Leading Article: The prison that sends inmates out to work

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The Independent Online
MANY prisons look empty because their inmates are locked in their cells. Latchmere House in Richmond is empty by day because most of its 150-odd prisoners are out at work, much of it full-time. To some people that will seem a contradiction in terms, and there are fears that the Home Secretary, Michael Howard, may pander to them when he addresses the Conservative Party conference today.

Since Latchmere House and the two other resettlement prisons have been in operation only since 1991, there is no statistical evidence yet of their effectiveness in reducing the reoffending rate. But both logic and initial findings suggest that long-term prisoners who have been in such a half-way prison are less likely to reoffend than those sent out with only social security to keep them afloat and in a more or less institutionalised state.

As serious (but non-sexual) offenders, some Latchmere House prisoners have been in the system for 10 years or more. They start with an assessment programme of four weeks, and must spend time working in the community before proceeding to a full-time job outside. Some are employed in the prison's own workshops, others do domestic tasks within the prison. A few go into full-time education, and about a third are employed outside. There is an obligatory savings scheme, and just under pounds 20 a week is handed over for bed and breakfast at the prison: arguably the rate should be higher for those who can afford it. Weekends are spent at home.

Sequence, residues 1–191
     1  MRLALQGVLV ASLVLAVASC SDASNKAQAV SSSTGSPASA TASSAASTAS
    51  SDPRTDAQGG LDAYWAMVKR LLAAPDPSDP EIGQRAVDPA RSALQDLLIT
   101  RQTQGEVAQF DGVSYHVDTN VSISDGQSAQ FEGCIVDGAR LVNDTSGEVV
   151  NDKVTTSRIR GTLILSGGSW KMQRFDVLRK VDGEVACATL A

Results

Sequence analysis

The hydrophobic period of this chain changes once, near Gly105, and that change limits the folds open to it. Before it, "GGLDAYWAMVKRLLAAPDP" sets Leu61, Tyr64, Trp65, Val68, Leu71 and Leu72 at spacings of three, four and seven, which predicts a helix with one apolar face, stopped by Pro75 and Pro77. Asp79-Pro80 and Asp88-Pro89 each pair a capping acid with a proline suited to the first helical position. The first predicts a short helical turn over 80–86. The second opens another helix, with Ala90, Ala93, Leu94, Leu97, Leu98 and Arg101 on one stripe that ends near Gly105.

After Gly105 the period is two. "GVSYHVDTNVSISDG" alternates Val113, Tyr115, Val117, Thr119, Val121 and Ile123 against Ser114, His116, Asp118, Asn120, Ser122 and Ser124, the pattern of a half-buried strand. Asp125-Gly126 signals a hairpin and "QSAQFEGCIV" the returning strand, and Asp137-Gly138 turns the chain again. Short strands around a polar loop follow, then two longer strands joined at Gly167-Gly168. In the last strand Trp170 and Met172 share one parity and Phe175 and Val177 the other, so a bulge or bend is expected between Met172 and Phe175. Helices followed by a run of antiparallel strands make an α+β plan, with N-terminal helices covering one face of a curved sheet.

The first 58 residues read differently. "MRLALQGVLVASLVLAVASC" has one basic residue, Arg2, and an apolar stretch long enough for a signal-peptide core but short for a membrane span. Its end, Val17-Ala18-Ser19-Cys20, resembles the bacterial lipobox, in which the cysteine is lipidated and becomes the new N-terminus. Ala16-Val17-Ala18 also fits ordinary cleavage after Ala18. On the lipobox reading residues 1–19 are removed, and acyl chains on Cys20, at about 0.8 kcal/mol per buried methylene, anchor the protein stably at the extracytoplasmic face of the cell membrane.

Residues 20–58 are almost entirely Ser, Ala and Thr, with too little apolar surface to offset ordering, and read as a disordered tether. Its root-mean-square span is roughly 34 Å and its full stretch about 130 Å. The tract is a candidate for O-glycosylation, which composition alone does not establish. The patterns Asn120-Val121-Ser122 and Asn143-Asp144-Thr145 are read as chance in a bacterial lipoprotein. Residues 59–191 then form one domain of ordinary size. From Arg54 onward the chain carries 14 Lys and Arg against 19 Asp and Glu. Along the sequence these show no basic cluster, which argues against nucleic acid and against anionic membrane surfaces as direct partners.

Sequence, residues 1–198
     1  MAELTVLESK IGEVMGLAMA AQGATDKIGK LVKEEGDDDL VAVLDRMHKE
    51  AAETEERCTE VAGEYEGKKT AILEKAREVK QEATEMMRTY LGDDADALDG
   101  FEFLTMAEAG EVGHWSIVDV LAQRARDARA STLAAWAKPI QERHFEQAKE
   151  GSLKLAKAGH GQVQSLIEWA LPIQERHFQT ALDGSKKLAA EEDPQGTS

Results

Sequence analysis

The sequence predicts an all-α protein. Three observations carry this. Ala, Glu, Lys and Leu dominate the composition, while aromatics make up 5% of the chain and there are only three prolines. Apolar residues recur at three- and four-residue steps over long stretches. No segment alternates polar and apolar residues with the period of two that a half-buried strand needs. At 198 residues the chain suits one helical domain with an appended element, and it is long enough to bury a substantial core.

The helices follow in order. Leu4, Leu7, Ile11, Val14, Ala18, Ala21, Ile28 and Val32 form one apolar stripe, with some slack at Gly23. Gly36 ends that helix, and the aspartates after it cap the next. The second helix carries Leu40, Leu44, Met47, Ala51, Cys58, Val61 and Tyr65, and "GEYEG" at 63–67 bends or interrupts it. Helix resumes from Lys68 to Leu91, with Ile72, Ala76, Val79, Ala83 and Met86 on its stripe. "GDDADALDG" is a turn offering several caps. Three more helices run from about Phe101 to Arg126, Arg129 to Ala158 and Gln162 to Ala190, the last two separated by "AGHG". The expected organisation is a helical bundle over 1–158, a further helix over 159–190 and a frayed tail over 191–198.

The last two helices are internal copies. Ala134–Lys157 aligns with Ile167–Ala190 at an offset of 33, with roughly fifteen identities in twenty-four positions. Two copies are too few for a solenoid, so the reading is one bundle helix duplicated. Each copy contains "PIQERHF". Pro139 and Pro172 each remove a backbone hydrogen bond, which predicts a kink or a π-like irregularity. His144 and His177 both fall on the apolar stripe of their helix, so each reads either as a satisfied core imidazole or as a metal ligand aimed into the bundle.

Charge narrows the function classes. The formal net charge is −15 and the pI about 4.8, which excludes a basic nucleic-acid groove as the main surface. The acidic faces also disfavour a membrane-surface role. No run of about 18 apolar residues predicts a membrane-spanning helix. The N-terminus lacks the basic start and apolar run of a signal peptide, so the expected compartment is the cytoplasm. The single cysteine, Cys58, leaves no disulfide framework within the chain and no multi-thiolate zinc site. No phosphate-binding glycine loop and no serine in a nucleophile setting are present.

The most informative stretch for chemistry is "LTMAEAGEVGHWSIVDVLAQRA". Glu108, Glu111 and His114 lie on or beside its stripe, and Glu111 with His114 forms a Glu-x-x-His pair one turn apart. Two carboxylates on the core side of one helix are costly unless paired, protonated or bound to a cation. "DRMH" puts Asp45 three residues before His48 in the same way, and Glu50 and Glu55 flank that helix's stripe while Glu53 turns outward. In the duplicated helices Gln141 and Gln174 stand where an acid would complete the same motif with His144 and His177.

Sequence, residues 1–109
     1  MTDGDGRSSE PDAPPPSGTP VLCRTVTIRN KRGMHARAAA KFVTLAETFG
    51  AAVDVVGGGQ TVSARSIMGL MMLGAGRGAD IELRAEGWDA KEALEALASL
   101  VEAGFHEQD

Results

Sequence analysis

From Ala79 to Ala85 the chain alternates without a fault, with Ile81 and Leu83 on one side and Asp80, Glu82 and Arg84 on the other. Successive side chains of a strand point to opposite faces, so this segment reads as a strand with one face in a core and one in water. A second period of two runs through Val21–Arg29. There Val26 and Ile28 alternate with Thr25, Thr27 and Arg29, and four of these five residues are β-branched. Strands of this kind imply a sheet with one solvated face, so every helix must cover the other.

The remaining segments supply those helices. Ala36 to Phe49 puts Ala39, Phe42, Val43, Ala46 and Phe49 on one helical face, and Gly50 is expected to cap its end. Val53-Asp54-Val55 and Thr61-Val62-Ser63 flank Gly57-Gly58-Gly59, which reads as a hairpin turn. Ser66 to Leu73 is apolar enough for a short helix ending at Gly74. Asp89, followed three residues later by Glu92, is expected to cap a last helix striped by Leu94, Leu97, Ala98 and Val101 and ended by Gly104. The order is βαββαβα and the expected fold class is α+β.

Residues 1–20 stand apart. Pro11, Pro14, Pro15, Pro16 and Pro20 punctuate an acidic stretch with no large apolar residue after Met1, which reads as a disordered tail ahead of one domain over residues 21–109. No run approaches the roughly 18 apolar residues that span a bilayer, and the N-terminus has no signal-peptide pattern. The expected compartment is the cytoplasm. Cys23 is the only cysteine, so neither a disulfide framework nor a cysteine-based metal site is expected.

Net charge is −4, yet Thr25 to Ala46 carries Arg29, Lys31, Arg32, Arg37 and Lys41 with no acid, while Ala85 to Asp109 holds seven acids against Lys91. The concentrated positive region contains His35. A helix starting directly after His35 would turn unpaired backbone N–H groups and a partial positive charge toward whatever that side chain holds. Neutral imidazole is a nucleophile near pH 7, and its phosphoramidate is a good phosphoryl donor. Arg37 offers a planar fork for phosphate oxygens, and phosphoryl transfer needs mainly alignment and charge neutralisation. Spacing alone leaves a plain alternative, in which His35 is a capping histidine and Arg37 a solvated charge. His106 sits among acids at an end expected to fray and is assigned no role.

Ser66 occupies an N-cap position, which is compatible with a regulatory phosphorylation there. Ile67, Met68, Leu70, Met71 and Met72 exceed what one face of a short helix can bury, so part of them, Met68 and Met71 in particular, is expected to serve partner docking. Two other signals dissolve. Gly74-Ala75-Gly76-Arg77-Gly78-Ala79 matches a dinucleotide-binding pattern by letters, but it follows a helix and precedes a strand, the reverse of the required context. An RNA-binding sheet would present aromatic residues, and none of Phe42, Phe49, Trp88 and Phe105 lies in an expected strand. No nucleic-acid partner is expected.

All this may seem far too liberal to people who have either been victims of crime or believe that prisons are for harsh treatment as well as the deprivation of liberty. That viewpoint is likely to be over-represented in Bournemouth.

No one would wish prisoners who are still potentially dangerous to be allowed into the community: after several serious cases of reoffending while on temporary release or home leave from ordinary prisons, the criteria for such schemes were rightly tightened last year.

But to scrap those features of the present system, or to cut back on the work being done by Latchmere House and other resettlement prisons, would be counterproductive. Long-term prisoners who are not helped to reintegrate into the outside world are most vulnerable to pressure to revert to their old ways. Rather than any curtailment of Latchmere-style regimes, consideration should be given to extending them when more evidence is available of effectiveness in preventing recidivism.